Abstract: It is astonishing how many researchers adopt a counterterrorism agenda and suggest researching terrorist learning in order to shape security countermeasures. Posing different questions would lead to different answers. One such question would be, “What makes terrorist learning different?” Terrorist groups operate clandestinely, which means the environment in which they learn is different. This paper investigates the context in which Al Qaeda in the Islamic Maghreb (AQIM) has learned. Thus, a qualitative case study analysis of the influence of meso- and macro-level factors on AQIM’s tactical and strategic patterns between 1999 and 2013 will shed light on terrorist learning. Meso-level influences are conceptualised as cooperation and ultimate merging with Al Qaeda, and macro-level influences as government action. The result is puzzling: AQIM has learned tactically from Al Qaeda and strategically from counterterrorism. This is puzzling because scholars commonly question whether it is possible to learn under pressure. Nevertheless, AQIM’s learning has been more profound when faced with pressure than when cooperating voluntarily. The sustainable answer to the question of the political implication thereof is not how to boost counterterrorism measures but how to redefine them. If what is different about terrorist learning is above all the context, we need to question the context.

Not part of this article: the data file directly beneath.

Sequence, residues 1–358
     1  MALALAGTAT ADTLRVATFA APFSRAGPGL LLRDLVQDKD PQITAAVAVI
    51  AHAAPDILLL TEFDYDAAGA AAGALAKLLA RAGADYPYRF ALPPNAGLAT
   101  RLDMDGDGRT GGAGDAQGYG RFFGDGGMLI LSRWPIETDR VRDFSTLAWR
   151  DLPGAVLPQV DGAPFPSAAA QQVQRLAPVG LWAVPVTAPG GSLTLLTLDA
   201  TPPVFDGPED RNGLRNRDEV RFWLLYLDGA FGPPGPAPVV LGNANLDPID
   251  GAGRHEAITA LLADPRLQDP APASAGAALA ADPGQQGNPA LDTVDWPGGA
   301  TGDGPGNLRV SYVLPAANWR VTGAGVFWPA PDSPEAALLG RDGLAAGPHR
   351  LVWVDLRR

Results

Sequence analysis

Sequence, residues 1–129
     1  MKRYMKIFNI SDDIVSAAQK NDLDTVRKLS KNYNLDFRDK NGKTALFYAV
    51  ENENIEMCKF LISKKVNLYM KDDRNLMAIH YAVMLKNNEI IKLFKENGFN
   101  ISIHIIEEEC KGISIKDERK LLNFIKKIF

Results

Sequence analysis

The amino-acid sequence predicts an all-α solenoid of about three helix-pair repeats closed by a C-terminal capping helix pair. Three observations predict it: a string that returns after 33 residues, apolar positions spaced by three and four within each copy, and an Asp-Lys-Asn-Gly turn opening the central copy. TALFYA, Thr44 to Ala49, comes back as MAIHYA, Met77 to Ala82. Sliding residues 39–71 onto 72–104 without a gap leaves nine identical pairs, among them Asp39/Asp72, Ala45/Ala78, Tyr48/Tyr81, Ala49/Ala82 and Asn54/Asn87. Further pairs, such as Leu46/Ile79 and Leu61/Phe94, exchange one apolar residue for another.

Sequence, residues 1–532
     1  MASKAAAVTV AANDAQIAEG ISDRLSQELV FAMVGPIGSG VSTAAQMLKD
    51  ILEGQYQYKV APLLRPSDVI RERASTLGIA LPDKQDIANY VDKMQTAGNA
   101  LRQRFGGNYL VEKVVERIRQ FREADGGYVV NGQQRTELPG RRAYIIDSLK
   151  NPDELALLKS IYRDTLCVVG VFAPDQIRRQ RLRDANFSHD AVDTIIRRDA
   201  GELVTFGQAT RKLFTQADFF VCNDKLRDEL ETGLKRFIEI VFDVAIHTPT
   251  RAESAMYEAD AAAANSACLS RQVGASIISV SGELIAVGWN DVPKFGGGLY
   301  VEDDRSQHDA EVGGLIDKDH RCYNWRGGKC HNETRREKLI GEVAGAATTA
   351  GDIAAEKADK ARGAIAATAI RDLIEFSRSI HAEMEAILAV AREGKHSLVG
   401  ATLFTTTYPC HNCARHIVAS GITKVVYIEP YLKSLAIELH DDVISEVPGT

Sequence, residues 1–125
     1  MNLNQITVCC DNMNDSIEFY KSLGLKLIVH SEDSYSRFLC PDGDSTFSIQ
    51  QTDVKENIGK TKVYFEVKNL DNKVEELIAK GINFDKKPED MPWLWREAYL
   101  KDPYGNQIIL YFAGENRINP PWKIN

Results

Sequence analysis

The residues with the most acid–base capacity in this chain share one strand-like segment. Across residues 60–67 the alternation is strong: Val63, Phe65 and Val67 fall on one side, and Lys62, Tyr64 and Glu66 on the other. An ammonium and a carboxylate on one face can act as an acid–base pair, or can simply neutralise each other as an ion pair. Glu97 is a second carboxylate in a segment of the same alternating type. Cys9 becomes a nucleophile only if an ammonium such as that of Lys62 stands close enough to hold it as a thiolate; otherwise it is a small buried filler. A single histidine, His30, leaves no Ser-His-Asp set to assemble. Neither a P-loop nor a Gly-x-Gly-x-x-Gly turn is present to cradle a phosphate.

Performing PREVENT: anti-extremist theatre-in-education in the service of UK counter-terrorism, a Freirean analysis
By: Shelley Piasecka